Unemployment benefit filings in the United States fell, last week, to their lowest since September, signaling a potentially tight labor market. More importantly, though, these numbers keep unemployment at a near-five-decade low; and some economists even think we have evidence of some cooling.
Looking more closely at the numbers US jobless games fell to 206,000 for the week ending December 8. This Labor Department number is actually more astounding when you consider that Bloomberg economists said the median estimate would probably be higher, at 226,000. Of course, the four-week average is more reliable as it is not as volatile a measure; this average suggested the numbers would fall to 224,750.
Despite the obvious disparity, the decline is actually pretty consistent with the direction of the labor market, which remains quite healthy even without adding as many jobs in November as was first anticipated. And not only is the unemployment rate at its lowest mark since 1969, but job openings also appear to be nearing a record.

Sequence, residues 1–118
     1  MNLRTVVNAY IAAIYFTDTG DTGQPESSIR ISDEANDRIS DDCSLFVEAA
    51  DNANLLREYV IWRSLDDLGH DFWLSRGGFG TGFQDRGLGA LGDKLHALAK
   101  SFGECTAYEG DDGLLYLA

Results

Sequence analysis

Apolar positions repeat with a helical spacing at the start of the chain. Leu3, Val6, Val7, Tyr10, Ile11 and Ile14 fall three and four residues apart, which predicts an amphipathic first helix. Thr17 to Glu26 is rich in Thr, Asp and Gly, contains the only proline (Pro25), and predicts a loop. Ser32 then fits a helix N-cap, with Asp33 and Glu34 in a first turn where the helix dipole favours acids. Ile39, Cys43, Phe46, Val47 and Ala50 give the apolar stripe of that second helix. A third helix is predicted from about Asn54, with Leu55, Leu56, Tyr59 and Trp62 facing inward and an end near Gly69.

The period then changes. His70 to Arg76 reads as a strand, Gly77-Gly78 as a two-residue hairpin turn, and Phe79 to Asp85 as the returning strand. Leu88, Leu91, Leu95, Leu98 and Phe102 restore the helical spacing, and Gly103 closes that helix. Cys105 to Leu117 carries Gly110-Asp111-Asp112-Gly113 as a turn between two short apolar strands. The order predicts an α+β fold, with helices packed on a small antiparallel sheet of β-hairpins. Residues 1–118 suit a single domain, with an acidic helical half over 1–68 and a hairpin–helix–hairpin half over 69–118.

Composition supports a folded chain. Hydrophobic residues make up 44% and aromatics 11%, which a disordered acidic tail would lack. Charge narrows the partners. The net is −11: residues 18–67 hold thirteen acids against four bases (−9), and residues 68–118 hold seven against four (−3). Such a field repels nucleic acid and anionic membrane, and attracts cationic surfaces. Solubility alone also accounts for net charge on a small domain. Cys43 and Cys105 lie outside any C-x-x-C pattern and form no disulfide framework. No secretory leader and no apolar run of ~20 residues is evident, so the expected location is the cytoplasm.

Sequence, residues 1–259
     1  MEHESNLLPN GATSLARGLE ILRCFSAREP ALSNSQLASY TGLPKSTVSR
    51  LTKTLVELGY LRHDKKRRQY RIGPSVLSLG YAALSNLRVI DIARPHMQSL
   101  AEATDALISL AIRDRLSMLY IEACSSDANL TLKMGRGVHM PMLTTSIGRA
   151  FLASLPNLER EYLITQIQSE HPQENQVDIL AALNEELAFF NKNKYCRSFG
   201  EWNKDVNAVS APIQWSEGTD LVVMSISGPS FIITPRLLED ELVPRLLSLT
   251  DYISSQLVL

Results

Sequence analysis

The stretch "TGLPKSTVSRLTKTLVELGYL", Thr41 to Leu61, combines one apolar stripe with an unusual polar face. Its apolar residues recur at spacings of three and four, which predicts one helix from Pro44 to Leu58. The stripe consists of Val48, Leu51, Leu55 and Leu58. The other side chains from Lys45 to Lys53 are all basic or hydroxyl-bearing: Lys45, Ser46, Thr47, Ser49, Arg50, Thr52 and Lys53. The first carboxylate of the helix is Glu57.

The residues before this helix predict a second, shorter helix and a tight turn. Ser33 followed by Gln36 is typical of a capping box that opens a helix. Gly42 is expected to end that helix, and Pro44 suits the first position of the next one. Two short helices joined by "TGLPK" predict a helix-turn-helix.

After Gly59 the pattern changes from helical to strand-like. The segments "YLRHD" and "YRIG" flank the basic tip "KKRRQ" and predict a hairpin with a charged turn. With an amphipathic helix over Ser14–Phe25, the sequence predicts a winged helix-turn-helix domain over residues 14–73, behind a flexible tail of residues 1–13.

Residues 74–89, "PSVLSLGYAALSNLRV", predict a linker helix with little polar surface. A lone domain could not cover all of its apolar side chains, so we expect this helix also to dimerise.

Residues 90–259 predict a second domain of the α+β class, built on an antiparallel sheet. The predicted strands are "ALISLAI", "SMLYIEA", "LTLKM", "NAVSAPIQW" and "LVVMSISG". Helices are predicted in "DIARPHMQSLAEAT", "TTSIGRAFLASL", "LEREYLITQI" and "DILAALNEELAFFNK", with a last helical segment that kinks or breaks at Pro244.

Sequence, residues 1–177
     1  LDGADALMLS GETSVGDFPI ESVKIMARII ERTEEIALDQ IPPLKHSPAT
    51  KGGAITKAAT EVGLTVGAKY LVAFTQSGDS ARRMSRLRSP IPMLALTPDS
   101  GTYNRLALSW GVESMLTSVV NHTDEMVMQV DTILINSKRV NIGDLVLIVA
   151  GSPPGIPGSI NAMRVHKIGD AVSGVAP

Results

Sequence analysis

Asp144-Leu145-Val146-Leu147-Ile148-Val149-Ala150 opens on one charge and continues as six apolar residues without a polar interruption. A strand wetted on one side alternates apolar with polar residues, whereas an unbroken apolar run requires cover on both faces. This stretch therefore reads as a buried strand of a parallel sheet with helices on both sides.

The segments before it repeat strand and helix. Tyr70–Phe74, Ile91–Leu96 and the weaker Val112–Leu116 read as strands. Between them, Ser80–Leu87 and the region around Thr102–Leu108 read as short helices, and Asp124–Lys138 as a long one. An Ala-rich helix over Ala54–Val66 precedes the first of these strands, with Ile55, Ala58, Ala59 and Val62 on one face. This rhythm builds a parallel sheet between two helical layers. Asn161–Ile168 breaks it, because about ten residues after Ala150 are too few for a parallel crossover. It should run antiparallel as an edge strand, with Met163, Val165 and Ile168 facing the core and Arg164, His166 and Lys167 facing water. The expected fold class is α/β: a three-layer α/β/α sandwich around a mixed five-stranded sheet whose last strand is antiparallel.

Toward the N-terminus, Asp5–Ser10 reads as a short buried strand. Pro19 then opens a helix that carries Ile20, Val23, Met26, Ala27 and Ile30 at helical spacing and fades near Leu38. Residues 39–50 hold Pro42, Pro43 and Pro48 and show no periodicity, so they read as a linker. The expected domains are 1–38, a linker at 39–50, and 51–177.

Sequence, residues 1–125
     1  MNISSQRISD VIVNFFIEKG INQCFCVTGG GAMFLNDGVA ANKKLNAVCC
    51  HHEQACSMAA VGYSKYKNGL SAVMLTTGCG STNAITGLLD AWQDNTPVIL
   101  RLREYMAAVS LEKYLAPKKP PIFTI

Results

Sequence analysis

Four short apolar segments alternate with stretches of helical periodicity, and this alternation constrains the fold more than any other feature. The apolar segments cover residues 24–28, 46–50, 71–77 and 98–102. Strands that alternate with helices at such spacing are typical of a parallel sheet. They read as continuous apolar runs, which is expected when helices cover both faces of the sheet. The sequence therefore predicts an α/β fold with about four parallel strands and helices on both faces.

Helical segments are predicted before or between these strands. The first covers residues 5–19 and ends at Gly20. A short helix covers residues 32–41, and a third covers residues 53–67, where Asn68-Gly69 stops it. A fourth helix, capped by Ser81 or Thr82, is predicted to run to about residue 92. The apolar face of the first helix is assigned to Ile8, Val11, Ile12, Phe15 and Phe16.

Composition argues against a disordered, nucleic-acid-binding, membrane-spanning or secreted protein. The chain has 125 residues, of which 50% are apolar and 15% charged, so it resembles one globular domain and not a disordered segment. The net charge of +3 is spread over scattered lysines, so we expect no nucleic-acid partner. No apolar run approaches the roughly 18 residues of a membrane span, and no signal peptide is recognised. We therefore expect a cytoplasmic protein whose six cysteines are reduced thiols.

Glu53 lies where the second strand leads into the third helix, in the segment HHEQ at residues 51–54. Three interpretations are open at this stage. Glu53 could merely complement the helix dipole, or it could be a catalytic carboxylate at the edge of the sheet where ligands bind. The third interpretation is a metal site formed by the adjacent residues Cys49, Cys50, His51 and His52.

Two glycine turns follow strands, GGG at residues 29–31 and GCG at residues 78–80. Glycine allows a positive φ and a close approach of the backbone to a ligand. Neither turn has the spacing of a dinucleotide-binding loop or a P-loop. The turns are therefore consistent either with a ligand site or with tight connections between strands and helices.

This is all quite important because unemployment claims had just shot up to an eight-month high of 235,000 only a few weeks ago! Some argue that this dramatic size of this drop is not actually an indication of cooling, but suggests, rather, lower-than-expected job growth. For example, nonfarm payrolls only increased by 155,000 in November which did not meet analyst expectations.
At the same time, it is very important to keep in mind that analysts caution the holidays to make it more difficult to accurately engage volatility. While the numbers certainly do not lie, the chaos of the season makes it harder to identify the underlying trends that support the jobless claims. Still, the numbers suggest a strong movement towards conditions that definitely support an improved labor market.
On another—but certainly related—note, the US central bank is expected to raise interest rates this week (at the December 18/19 policy meeting). The Fed has already issued three interest rate hikes this year and economists expect another borrowing cost increases next year. Traders, on the other hand, only expect the Fed will issue one interest rate hike next year.